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LONDON: Britain on Wednesday held a minute’s silence to remember the victims of the coronavirus pandemic, on the second anniversary of the country’s first lockdown.

The tribute came as the country experiences another surge of infections, just weeks after scrapping all remaining restrictions, and record numbers in hospital in Scotland.

The “National Day of Reflection” saw members of the public fall silent at 1200 GMT and calls for lights to be shone or flowers to be displayed in a window of their home at 2000 GMT.

A bereaved families group tied yellow ribbons to Westminster Bridge in central London and the capital’s ambulance service held a service in its memorial garden.

Landmarks across the UK will be lit up in yellow, the colour of end-of-life care charity Marie Curie, which has organised the event.

Britain has been hit by some of the highest pandemic death tolls in Europe.

Nearly 164,000 people have died within 28 days of a positive Covid-19 test, while more than 186,000 have the virus listed on their death certificate, according to government statistics.

“Those lost to Covid will never be out of our hearts and minds, and today we reflect as a nation,” Prime Minister Boris Johnson said in a statement.

“The national day of reflection is a chance to come together, mourn and offer our collective support and sympathies to all those grieving.”

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Johnson, who in 2020 was treated in intensive care for Covid, said the event was also “a chance to thank everyone who cared for us throughout”, paying tribute to the “heroic efforts” of frontline health and care staff, grief counsellors and charity workers.

‘Better position’

Johnson ordered Britain’s first national lockdown on March 23, 2020, shutting schools and non-essential shops and services, and banning gatherings of more than two people.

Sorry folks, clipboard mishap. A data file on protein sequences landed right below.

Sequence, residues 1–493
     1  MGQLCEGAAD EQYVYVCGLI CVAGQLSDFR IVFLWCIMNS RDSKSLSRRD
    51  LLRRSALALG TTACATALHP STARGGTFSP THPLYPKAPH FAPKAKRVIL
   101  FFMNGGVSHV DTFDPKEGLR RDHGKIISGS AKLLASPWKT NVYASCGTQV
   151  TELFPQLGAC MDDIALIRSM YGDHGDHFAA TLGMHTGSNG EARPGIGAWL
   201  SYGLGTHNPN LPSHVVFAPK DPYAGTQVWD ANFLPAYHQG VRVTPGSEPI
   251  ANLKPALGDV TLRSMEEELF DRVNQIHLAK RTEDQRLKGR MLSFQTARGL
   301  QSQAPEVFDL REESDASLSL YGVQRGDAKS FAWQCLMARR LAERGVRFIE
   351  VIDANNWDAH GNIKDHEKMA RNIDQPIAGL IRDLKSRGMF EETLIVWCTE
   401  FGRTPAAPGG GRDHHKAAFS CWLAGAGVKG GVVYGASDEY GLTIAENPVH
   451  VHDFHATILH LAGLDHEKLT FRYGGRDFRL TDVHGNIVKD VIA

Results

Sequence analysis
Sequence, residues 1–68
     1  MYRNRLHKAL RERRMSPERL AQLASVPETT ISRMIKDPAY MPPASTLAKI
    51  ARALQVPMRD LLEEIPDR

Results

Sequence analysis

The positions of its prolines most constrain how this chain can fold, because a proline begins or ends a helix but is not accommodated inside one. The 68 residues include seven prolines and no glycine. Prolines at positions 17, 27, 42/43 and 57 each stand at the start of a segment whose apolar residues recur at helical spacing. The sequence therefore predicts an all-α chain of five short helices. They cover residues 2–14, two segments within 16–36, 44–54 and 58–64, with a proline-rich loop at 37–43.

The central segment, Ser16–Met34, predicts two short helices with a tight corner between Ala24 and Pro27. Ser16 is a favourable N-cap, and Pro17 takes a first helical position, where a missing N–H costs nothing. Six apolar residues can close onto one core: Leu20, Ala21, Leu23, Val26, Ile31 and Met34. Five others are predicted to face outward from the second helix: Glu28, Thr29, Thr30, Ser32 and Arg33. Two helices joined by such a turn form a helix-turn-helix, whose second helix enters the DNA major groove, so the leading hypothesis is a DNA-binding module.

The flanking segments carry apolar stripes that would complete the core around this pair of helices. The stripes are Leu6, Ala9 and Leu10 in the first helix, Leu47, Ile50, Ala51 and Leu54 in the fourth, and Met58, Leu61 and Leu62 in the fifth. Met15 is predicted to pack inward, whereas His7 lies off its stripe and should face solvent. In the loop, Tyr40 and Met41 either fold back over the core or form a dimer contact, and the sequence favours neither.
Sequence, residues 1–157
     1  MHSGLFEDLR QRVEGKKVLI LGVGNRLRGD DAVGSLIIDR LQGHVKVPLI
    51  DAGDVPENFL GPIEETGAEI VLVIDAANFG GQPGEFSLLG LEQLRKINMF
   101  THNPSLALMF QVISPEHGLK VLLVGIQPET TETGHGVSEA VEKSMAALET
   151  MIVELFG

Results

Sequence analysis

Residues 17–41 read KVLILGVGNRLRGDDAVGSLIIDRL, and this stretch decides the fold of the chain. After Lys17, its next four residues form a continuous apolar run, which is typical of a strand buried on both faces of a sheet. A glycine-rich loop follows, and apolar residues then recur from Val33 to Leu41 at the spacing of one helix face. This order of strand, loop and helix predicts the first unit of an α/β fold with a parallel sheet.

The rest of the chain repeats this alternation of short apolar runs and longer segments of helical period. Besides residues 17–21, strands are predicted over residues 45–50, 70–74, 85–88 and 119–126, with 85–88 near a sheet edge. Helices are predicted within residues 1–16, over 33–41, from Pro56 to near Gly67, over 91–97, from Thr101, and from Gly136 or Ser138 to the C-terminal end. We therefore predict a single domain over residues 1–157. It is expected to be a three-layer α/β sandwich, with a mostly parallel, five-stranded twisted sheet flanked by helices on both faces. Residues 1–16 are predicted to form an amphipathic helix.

He warned then that “many lives sadly will be lost”, though the current toll stands well above the worst predictions of British scientists or politicians made early in the pandemic, factoring in government interventions.

Following a successful vaccination programme which has seen more than two-thirds of those aged over 12 given three doses, Johnson lifted all curbs earlier this year.

Cases have surged since, in part due to a subvariant of the Omicron strain, leading to another spike in hospital admissions.

But this has not resulted in a marked increase in those needing critical care. A fourth vaccine jab is being rolled out from next week to the most vulnerable, including the over-75s and the immuno-suppressed.

Scotland, which sets its own health policy, has experienced the most dramatic rise in infections.

But its health minister Humza Yousaf said cases could now start to stabilise after “the most challenging week” for its hospitals.

“Every single health board (is) having to de-prioritise other treatments, and at times quite urgent treatment, and people are having to suffer as a result,” he warned.

But he added: “We are in a much better position when dealing with high case numbers than we were two years ago”.

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